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Rudnytsky, P.L. (2007). International Dictionary of Psychoanalysis. Edited by Alain de Mijolla. 3 vols. Detroit: Thomson Gale, 2005, cxxxvii+2196 pp., $395.00.. J. Amer. Psychoanal. Assn., 55(1):371-379.

(2007). Journal of the American Psychoanalytic Association, 55(1):371-379

Reference

International Dictionary of Psychoanalysis. Edited by Alain de Mijolla. 3 vols. Detroit: Thomson Gale, 2005, cxxxvii+2196 pp., $395.00.

Review by:
Peter L. Rudnytsky

Dr. Johnson is famously quoted by Boswell as saying, “Sir, a woman's preaching is like a dog's walking on his hinder legs. It is not done well, but you are surprised to find it done at all” (1791, p. 327). Concerning the monumental enterprise under review, one might adapt the great critic's politically incorrect witticism and observe that one is surprised not only that it has been done at all, but that it has been done so well.

For let there be no mistake: Alain de Mijolla's three-volume International Dictionary of Psychoanalysis, originally published in French in 2002 and now available in an “enhanced” English version, is a heroic achievement, one that should be celebrated by everyone who lives and breathes psychoanalysis.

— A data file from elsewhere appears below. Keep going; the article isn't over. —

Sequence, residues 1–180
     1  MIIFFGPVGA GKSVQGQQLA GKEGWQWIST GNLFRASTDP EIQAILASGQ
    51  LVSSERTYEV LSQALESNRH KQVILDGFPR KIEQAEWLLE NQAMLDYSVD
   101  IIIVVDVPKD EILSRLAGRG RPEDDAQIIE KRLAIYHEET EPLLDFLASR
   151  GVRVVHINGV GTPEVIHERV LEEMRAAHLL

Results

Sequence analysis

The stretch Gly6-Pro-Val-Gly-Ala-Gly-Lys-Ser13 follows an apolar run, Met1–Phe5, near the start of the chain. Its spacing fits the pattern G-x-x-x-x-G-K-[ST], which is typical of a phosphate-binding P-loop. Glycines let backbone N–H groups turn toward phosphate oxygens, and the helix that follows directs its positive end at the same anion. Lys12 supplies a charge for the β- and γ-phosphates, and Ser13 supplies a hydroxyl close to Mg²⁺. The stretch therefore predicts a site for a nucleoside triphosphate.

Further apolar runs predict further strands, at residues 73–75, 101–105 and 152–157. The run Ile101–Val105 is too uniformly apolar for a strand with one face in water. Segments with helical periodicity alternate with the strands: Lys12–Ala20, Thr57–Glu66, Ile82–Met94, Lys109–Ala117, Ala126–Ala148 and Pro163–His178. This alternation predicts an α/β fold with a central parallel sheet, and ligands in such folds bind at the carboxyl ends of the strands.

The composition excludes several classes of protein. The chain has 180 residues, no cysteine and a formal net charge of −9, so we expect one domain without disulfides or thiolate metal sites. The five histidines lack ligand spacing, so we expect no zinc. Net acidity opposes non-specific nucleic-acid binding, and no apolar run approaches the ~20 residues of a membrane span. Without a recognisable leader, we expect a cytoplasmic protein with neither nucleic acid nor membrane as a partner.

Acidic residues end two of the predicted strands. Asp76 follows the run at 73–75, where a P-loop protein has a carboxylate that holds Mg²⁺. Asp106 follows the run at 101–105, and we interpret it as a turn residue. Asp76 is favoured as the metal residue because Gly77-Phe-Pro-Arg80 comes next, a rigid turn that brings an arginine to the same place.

As de Mijolla would doubtless be the first to acknowledge, the Dictionary is a collective work. Aided in France by Sophie de Mijolla— Mellor, Roger Perron, and Bernard Golse, and with Edward Nersessian and the late Paul Roazen as his U.S. advisors, de Mijolla enlisted a total of 463 authors for 1,569 signed entries; the English edition includes an honor roll of twelve translators. The fruit of these immense labors is a veritable cornucopia, a garden of delights, with entries on almost every conceivable topic pertaining to analysis elastically defined. The thematic outline classifies these under the rubrics Concepts, Biographies, Works, and History (subdivided into Countries, Case Histories, Events, Psychoanalysis and Other Disciplines, and Organizations and Institutions).

Perhaps the highest compliment I can pay the Dictionary is to say that reading it induces a state of reverie. One turns the pages in rapt anticipation of the next surprise that lies in store, or one sets off in hot pursuit of a quarry. Having just used the word reverie, for example, I looked it up.

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